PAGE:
Then, one day the Babylonians invaded their land and destroyed their temple, murdered many people, and took a portion of the population as slaves once again to serve them in their land far away from the land that God had promised Abraham.  The land of Israel lay in ruins and the people who were not killed were held hostage against their will.  Some intermarried with the Babylonians and found a place to begin a family, content to be there.  Others, however, mourned for the loss of their land, their heritage, their freedom.  They cried out to God, as their ancestors in Egypt had done, asking for God to intervene on their behalf. 

"O that you would tear open the heavens and come down, so that the mountains would quake at your presence--as when fire kindles brushwood and the fire causes water to boil--to make your name known to your adversaries, so that the nations might tremble at your presence!"  (Isaiah 64:1-2)  Isaiah speaks on behalf of these captives and pleads with God to act justly so that the captives may be set free.  Isaiah remembers the times of old when the God of Israel had done mighty things on behalf of God's People Israel.  Isaiah wonders aloud if the reason for what has happened to Israel is not connected to the sinfulness of the people.  He ends his plea with a reminder to God that Israel is God's People and they belong to God.

People who are enslaved often cry out for relief to whoever will listen.  "O that you would tear open the heavens and come down..."  Hurting people want help from a source of help and want their situations to be resolved quickly.  The people of Israel did it when they were in Egypt.  They did it again when they were in Babylonia.  They did it again when Rome ruled over Jerusalem and finally destroyed the city and its inhabitants in A.D. 70.  They were dispersed into all the surrounding nations to live a life of wanderers until finally they had a homeland once again established in 1948. 

This cry for freedom was part of the African-American experience as well as they suffered as slaves centuries.  They too cried out for God to come to their relief and saw that relief coming through a cosmic event that would destroy their enemies and literally wake the dead.  They saw passages such as Mark 13 as speaking to their own plight in life.  A song arose from among them that spoke to their belief that God would work supernaturally for them---"My Lord, what a morning...when the stars fall from the sky."  The stars would fall, the sun would refuse to shine, and the moon would turn to blood on the great and terrible day of their deliverance. 

It must have seemed to some that all those things happened when the War Between the States finally brought about freedom for the enslaved ones on the many plantations of the South.  When the dust cleared and the bodies were buried, the slaves were set free to live as second class Americans until 1964 when the Civil Rights Act was finally passed.  The road to freedom has been a long one for those former slaves but it still continues daily as civil rights must be claimed in the face of racism which seems it will not die, even in the land of the brave and the home of the free.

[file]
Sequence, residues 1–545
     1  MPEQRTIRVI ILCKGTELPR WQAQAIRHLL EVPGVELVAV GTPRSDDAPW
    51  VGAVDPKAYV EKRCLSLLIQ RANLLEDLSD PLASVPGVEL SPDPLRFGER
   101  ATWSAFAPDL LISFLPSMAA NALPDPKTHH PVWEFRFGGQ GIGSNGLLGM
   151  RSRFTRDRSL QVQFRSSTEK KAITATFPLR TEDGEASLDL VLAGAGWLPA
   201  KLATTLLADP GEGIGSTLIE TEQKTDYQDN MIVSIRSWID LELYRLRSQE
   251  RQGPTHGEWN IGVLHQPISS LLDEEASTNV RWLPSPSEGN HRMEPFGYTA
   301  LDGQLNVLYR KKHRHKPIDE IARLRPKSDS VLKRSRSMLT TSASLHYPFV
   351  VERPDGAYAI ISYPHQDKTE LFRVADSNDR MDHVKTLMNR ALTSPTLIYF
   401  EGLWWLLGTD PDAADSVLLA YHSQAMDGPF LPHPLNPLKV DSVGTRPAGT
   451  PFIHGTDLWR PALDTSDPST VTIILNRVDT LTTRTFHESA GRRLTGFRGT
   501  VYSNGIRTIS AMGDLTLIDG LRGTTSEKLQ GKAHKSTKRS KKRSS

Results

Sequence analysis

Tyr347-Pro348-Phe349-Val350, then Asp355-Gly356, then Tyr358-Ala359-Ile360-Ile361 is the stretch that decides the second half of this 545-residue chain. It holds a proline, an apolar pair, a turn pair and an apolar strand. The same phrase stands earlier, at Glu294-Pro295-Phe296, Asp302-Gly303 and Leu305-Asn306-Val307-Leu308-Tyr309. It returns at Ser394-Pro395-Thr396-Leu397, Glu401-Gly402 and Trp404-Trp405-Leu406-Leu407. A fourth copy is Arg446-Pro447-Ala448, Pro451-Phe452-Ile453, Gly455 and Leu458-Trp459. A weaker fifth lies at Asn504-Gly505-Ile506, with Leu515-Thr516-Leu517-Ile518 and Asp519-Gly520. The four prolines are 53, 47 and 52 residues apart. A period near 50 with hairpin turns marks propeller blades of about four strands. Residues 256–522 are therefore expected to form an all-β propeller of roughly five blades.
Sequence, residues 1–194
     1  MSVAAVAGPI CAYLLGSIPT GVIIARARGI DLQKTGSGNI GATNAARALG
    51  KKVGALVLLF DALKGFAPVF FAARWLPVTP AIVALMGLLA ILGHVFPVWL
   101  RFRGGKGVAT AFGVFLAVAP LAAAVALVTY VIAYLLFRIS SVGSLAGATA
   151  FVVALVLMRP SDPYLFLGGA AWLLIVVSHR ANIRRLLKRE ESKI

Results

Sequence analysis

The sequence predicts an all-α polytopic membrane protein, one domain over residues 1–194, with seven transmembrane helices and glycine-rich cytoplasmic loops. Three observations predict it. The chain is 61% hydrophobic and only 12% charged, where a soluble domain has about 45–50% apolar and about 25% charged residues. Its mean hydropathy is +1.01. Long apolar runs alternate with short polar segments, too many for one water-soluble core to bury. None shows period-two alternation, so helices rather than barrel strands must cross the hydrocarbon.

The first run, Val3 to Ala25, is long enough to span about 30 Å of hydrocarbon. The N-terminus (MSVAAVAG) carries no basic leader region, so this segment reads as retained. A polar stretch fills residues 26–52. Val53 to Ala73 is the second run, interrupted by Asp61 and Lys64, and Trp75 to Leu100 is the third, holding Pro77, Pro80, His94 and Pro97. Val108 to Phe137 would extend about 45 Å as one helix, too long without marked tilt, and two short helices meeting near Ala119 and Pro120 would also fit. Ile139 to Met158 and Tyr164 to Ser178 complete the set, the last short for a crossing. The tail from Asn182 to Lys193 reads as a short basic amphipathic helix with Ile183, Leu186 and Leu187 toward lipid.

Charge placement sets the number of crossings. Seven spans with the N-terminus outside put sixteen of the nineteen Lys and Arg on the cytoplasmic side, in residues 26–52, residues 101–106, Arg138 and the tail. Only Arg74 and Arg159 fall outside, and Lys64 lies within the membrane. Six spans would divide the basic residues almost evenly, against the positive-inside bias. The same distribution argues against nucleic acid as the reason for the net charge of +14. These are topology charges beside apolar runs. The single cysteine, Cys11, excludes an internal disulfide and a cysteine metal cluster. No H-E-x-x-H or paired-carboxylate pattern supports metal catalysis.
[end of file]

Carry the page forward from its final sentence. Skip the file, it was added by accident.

People who are enslaved still cry out for freedom and people see the Day of the Lord as a sign of hope that things can be better than they are now.  God is Still Speaking and God's promise of deliverance has not been cancelled.  God is still working to bring about change even in the midst of new that confounds us daily.  O that God would tear open the heavens and come down to straighten out the evils of our day and to bring about the change that is needed.  Until then, God has people who work with God and for God to do God's Will on earth even as it is done in heaven.  If you believe that you are one of those people, then do not give up and do not lose hope. God is still using those who will be God's hands and feet to bring about justice and equity on the earth for those who cry for freedom. 

Tuesday, November 21, 2017

The Least of These

"as you have done it to the least of these, you have done it unto me..." said Jesus the judge portrayed in the Last Judgment parable from Matthew 25, the parable of Jesus for Christ the King Sunday for next Sunday.  Jesus painted a picture of the final judgment when the great king would separate the nations, as a shepherd separates sheep from goats.  One group on the left and one on the right as the king makes the judgment about their eternal destiny.  To the one group, the sheep, the king tells them to enter into eternal joy because they fed him when he was hungry,  gave him water when he was thirsty, clothed him when he was naked, took care of him when he was sick, and visited him when he was in prison.  The sheep responded, when did they do all those things for him?  And he responded that when they did those things for the least of these, you did it to me.

Then, the goats on the left are told to go to eternal punishment and the reason why is that they did not feed him when he was hungry or give him water when he was thirsty or clothes when he was naked or care for him when he was sick or visit him in prison.  They too questioned when they did not do those things for him and his response is when they did not do it to the least of these, then they did not do it to him.

The parable takes the issue of Christian Commitment to the level where it involves action rather than just words.  The meaning of the parable is that people who truly say they follow Jesus have to show their allegiance in the way they treat those around them who are in need.  Just telling everyone that you are a Christian is meaningless in the world of Jesus as King.  Doing what Jesus had been teaching in his years of ministry is what truly separates the sheep from the goats.